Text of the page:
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Solutions for a Perfect Storm  

Autosphere » Mechanical » Solutions for a Perfect Storm  
Alana Baker is Vice President, Government Relations and Research, for AIA Canada. You can reach her at [email protected]. Photo AIA Canada

Finding ways to tackle the shortage of service technicians in the auto care sector.

 The numbers are grim. Across Canada, automotive service technician vacancies stand at around 11,000. A recent report released in Ontario highlighted that the short-term impact of each technician vacancy represents around $500,000 in lost revenue on an annual basis. When you multiply that number by the number of vacancies, the result is billions of dollars in lost taxable income from our economy. 

Change of perception

So, what can be done to solve this very significant problem? For one, perception needs to change. For years, decades even, there has been a stigma around automotive service repair, resulting in many young people not even considering it as a career option. It has often been seen as a field with a lower emphasis on higher-level skills, though in reality, that is far from the truth. Today’s vehicles require highly advanced skills to properly diagnose and repair, plus the demand for technicians means there are more opportunities for establishing and developing a great career in the industry than ever before.

This negative perception of the industry can be addressed through education and awareness campaigns that highlight the benefits of becoming a licensed automotive technician. Today, there is more than ample evidence to show how real those benefits are, we just need to continue spreading the word, raising the profile, and building awareness at both the grassroots and national level. 

A second issue is the perception that the auto care sector lacks governance compared to other skilled trades. Therefore, in lockstep with education awareness about career opportunities, establishing more regulatory requirements can go a long way in helping address some of the longstanding industry stigmas. 

Funding for training

Governments can also play a key role by providing funding for industry-led initiatives to help break those stigmas. At AIA Canada, we have been working with Conestoga College, Fanshawe College and St. Lawrence College, as well as Plug ‘n Drive, to create free training programs to develop new skills and expertise in the auto care industry. The Government of Ontario has provided funding for these initiatives which include a career exploration training program, that provides hands-on exploratory experience for job seekers, with eligibility for support and equipment such as work boots, basic tools, safety equipment and reference books as well as transportation assistance.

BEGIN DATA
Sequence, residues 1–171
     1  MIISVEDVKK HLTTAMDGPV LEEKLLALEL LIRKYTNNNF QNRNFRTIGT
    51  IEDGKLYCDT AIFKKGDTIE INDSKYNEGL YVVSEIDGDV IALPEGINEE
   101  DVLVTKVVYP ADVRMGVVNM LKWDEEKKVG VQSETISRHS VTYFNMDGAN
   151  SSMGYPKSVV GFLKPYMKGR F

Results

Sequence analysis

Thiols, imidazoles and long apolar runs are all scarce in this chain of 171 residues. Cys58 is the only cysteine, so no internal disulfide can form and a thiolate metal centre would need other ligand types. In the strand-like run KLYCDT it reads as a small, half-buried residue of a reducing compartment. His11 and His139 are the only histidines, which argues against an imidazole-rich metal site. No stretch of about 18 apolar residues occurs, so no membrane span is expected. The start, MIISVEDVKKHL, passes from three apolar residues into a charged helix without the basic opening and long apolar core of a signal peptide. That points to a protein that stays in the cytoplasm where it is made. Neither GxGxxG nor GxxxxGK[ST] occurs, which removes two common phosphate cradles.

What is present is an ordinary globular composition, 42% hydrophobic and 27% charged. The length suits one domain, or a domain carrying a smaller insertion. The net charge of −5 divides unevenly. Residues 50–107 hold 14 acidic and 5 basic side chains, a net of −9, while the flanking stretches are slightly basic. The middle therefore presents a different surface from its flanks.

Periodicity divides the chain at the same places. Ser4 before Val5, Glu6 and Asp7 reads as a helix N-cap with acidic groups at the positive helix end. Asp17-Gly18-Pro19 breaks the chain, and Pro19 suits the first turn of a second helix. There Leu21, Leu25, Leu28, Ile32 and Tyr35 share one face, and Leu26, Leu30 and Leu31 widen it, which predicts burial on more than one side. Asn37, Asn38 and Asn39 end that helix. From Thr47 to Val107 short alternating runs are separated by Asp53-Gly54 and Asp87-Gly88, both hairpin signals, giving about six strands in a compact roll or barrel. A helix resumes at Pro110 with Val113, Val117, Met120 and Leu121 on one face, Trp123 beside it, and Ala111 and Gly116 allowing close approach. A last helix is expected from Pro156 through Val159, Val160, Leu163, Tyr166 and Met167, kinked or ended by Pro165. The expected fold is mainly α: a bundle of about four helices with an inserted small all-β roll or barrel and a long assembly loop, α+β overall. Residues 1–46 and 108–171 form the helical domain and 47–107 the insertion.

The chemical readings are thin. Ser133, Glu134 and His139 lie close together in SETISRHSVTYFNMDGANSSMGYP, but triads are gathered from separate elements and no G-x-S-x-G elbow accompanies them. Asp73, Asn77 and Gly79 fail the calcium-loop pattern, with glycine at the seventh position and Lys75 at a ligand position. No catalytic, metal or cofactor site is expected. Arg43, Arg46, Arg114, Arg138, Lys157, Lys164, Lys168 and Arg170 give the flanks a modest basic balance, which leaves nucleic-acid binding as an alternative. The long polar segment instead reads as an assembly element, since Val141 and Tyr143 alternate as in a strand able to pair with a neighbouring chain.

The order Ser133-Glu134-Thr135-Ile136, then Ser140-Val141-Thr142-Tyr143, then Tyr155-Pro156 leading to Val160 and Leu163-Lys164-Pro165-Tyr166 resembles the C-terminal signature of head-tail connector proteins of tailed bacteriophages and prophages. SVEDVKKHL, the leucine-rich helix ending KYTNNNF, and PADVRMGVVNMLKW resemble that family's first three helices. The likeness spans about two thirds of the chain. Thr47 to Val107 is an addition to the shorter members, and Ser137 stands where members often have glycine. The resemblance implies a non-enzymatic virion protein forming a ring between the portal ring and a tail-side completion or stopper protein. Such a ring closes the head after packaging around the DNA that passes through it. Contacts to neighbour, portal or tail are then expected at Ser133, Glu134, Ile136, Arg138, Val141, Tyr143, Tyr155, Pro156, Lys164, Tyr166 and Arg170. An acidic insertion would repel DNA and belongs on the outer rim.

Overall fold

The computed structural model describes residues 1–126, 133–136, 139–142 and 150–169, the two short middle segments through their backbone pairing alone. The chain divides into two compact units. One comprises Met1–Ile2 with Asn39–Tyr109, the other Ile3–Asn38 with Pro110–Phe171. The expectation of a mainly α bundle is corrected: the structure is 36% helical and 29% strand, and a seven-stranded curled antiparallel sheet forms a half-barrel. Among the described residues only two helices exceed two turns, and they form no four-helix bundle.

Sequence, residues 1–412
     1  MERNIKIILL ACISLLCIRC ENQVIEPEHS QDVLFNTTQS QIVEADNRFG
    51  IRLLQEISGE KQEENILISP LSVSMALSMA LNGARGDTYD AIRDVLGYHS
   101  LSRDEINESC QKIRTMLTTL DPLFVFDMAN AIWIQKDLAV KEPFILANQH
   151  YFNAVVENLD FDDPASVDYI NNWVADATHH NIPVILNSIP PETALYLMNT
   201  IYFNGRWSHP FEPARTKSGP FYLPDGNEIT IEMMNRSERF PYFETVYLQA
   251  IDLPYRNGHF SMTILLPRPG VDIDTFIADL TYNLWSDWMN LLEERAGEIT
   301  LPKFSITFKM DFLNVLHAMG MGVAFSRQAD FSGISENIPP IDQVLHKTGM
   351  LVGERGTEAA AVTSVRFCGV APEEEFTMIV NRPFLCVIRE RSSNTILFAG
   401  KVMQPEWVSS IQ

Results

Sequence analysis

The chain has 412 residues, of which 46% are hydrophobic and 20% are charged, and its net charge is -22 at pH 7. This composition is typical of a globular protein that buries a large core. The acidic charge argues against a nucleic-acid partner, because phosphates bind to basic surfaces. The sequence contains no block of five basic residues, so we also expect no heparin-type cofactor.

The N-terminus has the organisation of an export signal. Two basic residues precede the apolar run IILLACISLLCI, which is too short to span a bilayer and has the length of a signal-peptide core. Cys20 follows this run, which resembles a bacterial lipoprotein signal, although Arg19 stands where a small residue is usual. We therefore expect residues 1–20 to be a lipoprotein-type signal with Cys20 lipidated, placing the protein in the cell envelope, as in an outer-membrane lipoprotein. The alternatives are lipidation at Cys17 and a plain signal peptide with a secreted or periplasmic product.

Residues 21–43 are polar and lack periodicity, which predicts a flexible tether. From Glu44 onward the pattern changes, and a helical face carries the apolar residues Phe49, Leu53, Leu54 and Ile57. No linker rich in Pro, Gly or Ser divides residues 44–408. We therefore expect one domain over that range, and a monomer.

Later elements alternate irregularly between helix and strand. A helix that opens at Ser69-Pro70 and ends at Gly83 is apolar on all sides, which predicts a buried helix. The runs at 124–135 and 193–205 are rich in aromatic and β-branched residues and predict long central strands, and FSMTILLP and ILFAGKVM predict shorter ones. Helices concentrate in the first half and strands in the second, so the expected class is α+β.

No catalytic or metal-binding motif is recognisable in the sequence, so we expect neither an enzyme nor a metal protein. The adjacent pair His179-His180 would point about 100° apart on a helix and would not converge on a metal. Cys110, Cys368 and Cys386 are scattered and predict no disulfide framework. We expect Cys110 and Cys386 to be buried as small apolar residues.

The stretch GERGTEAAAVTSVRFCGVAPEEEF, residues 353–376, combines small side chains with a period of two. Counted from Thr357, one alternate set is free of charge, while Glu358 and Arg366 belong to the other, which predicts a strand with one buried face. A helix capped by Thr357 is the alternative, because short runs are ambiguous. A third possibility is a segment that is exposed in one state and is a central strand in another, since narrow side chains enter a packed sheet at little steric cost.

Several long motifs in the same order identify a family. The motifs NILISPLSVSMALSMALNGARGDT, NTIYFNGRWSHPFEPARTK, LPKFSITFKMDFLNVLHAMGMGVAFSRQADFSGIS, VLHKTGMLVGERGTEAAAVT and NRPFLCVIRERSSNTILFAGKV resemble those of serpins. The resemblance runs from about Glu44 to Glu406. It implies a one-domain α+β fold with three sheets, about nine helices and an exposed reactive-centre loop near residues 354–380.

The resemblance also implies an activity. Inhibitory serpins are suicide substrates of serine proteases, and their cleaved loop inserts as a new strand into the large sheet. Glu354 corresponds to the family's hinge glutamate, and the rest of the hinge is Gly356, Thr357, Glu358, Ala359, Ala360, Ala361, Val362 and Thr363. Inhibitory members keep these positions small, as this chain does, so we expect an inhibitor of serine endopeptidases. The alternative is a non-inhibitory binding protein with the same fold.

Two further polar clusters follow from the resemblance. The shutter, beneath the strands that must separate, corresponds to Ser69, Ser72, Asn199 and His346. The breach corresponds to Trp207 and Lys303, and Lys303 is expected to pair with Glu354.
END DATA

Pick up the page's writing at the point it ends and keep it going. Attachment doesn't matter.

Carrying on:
There is also the electric vehicle upskilling training program that allows current licensed automotive technicians and senior-level apprentices to develop advanced diagnostic and repair skills that are specifically related to EVs. The results so far have been very encouraging, and the Government of Ontario has announced a new, fourth round of funding that will hopefully enable this program to continue growing and expanding. 

We’ve also got new labour market research that’s anticipated to be released later this fall which will help peel back the layers and provide a deeper understanding of what’s currently going on regarding the technician shortage, including analysis of market conditions, underlying causes that are contributing to the problem, and, perhaps most importantly, key recommendations on how to address the problem. 

Long-term strategy

Cultivating the next generation of homegrown technicians is very much a long-term strategy to address current labour shortages. In the short term, we’re seeing more emphasis being put on immigration to help fill those vacancies. Some of the biggest obstacles we currently face are administrative and accessibility challenges related to Canada’s existing immigration system. There needs to be more efficient ways to bring in qualified workers from overseas. While some steps are being taken, it is still not enough. 

As such, we continue to put forward recommendations to the federal government to introduce reforms, including measures such as a Trusted Employer program, to help streamline the process and get those vacancies filled. 

We are starting to see some progress—including a number of pilot projects—but ultimately, reaching a viable, long-term solution to the labour shortage will require a more active role from industry, working in conjunction with government at both the federal and provincial levels, to promote skilled trades professions. Parents and caregivers can also play a significant role in helping address this issue. By educating our children from a younger age, we can promote the life-long skills and the rewarding trajectory that can be built, resulting in a long-lasting, prosperous and fulfilling career.  

 

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